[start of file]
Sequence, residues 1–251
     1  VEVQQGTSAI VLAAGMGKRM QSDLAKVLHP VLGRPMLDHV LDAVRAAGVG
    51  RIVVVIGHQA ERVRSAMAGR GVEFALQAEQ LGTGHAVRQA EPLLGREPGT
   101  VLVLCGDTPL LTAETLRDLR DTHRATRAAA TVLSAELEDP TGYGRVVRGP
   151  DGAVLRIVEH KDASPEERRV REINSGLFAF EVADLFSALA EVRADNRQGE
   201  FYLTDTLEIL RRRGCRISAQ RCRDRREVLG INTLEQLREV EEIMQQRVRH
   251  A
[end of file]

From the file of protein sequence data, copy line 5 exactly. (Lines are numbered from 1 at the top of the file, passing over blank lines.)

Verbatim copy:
   151  DGAVLRIVEH KDASPEERRV REINSGLFAF EVADLFSALA EVRADNRQGE